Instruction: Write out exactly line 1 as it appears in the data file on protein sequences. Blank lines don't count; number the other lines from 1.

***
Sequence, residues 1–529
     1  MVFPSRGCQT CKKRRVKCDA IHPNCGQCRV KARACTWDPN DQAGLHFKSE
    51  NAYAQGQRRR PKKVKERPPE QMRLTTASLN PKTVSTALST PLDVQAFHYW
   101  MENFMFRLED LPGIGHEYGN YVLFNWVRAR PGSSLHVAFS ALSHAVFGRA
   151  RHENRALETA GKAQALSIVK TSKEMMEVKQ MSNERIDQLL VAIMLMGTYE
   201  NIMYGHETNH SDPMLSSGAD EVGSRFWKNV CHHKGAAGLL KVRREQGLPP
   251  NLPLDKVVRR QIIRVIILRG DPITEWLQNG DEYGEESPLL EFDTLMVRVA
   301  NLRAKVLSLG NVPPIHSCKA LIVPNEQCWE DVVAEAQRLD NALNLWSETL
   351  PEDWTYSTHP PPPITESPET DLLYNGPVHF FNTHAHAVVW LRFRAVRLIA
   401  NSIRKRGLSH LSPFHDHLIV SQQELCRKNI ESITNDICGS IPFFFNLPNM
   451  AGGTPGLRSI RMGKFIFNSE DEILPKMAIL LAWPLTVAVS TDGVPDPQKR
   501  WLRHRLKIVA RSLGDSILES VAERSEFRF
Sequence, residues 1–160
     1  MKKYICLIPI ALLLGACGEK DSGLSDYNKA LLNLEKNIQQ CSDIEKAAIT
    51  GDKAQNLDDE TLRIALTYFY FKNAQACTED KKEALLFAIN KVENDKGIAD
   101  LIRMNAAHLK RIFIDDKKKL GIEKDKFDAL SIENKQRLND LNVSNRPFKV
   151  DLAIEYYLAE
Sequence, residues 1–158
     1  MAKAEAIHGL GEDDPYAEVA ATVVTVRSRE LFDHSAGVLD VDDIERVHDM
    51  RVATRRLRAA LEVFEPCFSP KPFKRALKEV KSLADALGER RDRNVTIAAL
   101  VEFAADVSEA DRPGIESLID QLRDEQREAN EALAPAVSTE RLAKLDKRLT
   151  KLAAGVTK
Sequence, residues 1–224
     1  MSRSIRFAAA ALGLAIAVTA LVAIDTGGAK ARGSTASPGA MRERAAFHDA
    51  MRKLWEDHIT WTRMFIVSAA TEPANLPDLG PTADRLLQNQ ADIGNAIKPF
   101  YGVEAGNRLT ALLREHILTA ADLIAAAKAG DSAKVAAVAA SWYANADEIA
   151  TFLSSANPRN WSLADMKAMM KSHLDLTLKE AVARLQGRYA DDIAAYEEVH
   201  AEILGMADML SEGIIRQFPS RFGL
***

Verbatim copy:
Sequence, residues 1–529